NEW YORK (AP) — In a season that inspires earnest letters about toys, one notable batch is being sent not by kids to Santa's workshop but by parents to the executive suites of real-world toy makers.
The message: Please, in these days of economic angst, cut back on marketing your products directly to our children.
The letter-writing initiative was launched by the Boston-based Campaign for a Commercial-Free Childhood, which says roughly 1,400 of its members and supporters have contacted 24 leading toy companies and retailers to express concern about ads aimed at kids.
I've been having this conversation lately with a few different people, and I thought it might be a good topic for some discussion here. Do you think that the way the economy has turned south might change the way people celebrate Christmas on a long term basis?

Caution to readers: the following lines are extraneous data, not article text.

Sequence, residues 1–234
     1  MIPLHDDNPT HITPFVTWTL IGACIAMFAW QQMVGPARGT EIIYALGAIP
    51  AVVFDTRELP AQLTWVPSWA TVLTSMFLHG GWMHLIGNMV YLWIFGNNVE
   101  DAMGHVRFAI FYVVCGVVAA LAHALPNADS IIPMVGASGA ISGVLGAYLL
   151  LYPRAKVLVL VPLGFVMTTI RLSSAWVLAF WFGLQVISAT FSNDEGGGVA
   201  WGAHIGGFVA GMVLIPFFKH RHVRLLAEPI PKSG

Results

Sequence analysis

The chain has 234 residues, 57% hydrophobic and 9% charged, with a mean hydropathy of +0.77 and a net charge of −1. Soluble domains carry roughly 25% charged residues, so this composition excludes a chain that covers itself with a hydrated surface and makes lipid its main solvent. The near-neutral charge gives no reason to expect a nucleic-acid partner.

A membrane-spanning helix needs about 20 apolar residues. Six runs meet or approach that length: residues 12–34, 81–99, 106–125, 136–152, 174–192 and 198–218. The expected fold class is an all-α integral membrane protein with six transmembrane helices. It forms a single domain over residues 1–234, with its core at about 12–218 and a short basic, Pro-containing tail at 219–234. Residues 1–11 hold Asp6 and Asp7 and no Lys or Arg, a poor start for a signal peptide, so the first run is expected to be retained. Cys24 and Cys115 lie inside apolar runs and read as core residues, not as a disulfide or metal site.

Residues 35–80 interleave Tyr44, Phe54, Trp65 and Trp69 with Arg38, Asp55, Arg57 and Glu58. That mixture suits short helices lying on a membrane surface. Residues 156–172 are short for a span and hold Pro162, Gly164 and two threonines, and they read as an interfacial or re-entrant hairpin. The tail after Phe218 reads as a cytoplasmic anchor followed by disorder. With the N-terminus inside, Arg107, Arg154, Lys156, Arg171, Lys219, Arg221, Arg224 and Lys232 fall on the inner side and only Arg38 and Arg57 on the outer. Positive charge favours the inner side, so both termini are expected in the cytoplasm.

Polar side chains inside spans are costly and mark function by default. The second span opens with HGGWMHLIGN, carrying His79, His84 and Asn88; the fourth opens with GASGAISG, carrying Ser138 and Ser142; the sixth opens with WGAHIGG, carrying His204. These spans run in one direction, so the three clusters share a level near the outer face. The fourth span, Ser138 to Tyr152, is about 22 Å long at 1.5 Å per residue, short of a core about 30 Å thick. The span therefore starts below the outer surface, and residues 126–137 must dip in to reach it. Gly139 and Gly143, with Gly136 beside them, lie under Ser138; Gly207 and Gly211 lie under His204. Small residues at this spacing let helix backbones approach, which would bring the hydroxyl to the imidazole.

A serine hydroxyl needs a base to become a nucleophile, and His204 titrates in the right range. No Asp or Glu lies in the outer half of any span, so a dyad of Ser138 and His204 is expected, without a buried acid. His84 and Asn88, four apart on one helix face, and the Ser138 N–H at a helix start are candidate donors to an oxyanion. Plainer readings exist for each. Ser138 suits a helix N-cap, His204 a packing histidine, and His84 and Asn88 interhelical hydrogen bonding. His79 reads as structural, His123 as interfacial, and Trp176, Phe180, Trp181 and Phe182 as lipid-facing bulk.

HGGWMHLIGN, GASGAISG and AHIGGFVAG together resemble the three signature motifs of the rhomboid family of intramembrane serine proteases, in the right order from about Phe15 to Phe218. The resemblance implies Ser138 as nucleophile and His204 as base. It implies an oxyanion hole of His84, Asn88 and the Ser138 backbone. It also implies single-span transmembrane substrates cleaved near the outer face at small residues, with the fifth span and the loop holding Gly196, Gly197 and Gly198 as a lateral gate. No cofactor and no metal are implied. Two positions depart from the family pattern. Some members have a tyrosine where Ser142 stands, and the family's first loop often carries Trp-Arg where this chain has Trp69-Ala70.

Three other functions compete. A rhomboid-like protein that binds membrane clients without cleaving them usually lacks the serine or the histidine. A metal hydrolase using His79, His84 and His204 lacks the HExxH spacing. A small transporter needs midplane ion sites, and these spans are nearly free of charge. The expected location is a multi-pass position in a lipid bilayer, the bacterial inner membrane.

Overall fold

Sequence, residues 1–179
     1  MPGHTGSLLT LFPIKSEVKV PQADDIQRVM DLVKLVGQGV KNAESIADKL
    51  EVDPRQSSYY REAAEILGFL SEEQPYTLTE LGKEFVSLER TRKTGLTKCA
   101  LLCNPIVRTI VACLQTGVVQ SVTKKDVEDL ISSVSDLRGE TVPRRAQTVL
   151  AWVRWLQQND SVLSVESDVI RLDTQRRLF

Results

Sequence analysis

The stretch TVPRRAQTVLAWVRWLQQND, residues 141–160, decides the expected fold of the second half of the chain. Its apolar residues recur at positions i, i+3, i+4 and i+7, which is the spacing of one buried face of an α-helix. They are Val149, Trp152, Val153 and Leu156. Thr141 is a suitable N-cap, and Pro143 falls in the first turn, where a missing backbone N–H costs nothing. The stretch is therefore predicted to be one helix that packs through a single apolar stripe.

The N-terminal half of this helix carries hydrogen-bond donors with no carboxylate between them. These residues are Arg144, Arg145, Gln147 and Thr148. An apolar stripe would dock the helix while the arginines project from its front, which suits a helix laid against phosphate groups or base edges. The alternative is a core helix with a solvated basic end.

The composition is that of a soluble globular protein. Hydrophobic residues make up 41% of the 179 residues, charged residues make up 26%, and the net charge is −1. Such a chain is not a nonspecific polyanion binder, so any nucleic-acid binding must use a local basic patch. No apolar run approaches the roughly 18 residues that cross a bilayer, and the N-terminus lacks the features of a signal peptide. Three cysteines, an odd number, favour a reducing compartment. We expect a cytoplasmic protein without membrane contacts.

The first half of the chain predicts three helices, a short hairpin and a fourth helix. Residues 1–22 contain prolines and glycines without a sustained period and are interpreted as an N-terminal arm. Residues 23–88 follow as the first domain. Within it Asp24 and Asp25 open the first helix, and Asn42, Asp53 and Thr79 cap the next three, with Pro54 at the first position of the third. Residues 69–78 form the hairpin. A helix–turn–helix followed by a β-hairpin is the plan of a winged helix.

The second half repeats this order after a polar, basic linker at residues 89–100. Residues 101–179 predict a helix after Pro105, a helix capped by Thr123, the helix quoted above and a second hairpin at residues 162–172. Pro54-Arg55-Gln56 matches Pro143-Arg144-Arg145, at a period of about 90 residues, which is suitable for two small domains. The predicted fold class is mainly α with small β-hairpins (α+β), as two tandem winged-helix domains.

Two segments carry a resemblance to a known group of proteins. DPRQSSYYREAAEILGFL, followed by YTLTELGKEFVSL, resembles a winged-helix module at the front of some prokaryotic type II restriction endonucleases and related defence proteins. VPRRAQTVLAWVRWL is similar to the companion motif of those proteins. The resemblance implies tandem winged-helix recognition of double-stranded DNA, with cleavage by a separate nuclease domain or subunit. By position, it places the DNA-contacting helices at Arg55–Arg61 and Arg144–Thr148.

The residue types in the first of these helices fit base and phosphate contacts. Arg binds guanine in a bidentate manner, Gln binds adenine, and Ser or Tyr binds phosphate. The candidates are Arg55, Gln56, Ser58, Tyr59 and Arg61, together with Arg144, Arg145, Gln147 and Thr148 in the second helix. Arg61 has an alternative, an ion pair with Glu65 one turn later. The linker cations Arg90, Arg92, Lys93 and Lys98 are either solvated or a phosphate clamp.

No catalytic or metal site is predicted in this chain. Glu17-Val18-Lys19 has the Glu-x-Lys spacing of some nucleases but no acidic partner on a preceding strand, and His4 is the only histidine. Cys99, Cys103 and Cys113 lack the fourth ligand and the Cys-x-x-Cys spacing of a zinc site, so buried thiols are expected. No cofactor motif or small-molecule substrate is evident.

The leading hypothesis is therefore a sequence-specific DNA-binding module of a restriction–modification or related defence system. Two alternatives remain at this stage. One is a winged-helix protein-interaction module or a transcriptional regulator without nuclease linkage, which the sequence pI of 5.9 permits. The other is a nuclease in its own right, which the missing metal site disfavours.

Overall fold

If you've ever happened to read Laura Ingles Wilder's books, you might remember tellings of a Christmas that was celebrated mostly as a special occasion and was barely focussed on gifts at all. It's hard to believe that as a society, we've gone from a Christmas that was all about family to a holiday that's all about who can spend the biggest amount of money to make their family happy - in only the space of a longer lifetime.
Now, however, we're faced with a Christmas where the economy is doing so poorly that people can't afford to be nearly as extravagant with their gift giving, and odd as it may sound to say, it might actually be a good thing in some ways. If we can make a really concentrated effort to make this season about family and friends again, maybe in the Christmas's to come, the ones where money isn't as much a concern anymore, we'll still remember how good it can feel without all the fancy new toys we've come to expect. Maybe... just maybe... we can learn to cut back on going overboard, on a more permanent level.
What do you think?